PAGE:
WASHGINTON- On Wednesday, a major piece of environmental legislation written by Colorado U.S. Senator Michael Bennet’s Colorado Outdoor Recreation and Economy or CORE Act, received a hearing in the Senate Energy and Natural Resources Committee, a major step in the legislation becoming law.

The CORE Act would protect over 400,000 acres of public lands in Colorado. Notably for the Western Slope, the bill protects over 200,000 acres of land on the Thompson Divide near Glenwood Springs and Carbondale from future oil and natural gas development.

But the bill also allows opportunities for the energy industry to thrive. Bennet highlights this to show how the bill is conducive to a wide array of industry in Colorado, not strictly limited to the outdoor recreation industry. For example, the bill creates a methane leasing opportunity based on a request from Gunnison County and Delta County to create a program to lease and generate energy from excess methane in existing or abandoned coal mines in the North Fork Valley. Bennet says the effects of this bill would be seen fairly quickly if signed into law.

“The protections will go into effect almost immediately. And what it does is it makes sure it preserves existing uses on our public lands,” Bennet said. He adds that working with the energy industry has been a huge part of writing this bill.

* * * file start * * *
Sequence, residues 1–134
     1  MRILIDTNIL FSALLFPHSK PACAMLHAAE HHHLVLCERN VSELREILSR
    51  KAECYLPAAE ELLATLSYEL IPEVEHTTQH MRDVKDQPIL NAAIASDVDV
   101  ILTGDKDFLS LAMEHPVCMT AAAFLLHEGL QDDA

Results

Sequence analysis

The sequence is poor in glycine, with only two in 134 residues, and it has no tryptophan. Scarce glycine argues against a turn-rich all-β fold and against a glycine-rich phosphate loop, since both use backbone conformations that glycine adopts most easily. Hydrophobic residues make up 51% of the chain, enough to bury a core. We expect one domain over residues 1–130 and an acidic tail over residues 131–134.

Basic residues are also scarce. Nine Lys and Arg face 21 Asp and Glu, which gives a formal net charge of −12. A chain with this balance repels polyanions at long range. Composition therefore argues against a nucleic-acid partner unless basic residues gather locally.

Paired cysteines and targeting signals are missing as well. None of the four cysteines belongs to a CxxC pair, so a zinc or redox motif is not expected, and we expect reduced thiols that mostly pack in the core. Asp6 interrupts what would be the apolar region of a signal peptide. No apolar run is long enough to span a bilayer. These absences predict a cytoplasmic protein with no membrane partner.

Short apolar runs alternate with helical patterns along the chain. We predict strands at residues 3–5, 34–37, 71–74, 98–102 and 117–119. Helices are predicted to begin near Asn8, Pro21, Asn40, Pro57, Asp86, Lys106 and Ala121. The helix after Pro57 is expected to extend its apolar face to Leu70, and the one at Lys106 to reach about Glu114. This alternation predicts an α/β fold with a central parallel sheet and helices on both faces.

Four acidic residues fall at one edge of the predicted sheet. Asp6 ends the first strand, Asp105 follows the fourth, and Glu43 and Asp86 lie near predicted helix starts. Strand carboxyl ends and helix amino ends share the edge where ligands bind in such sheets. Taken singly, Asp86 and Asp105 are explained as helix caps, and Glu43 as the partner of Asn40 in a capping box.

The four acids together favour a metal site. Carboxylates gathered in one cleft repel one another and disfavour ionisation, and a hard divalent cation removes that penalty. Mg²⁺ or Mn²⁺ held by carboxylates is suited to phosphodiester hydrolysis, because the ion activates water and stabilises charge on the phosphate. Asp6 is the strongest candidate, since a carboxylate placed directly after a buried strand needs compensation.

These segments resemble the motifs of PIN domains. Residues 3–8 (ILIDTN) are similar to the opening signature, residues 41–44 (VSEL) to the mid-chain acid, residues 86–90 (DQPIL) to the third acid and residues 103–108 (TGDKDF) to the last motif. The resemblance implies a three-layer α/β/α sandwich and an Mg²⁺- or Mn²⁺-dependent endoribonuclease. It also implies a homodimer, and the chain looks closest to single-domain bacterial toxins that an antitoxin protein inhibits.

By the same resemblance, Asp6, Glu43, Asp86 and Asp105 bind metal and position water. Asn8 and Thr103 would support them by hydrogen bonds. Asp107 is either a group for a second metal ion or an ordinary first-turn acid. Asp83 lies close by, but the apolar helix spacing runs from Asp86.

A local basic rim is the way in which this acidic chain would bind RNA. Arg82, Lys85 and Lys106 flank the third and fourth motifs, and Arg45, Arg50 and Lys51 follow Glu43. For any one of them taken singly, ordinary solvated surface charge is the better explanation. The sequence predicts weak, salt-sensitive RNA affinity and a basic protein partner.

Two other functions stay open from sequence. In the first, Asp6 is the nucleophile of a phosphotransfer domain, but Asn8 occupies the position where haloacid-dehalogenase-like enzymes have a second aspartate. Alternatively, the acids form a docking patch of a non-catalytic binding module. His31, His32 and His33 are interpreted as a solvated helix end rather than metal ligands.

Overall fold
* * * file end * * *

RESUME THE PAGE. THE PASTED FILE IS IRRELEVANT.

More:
“As people worked together, people thought of new ideas to build support, and allowing the capturing of fugitive methane in the North Fork Valley is a really good example of that,” Bennet said. “There’s silver mine outside of Ouray that supports the bill. You don’t think about mining companies supporting public lands bills. But it’s a reflection of how broad the support is.”

The CORE Act, which has already passed the House of Representatives both as a stand-alone piece of legislation and being included in the House’s version of the annual National Defense Authorization Act, has Bennet feeling optimistic the bill could pass the Senate by the end of the year if the Senate adopts the bill into its version of the National Defense Authorization Act.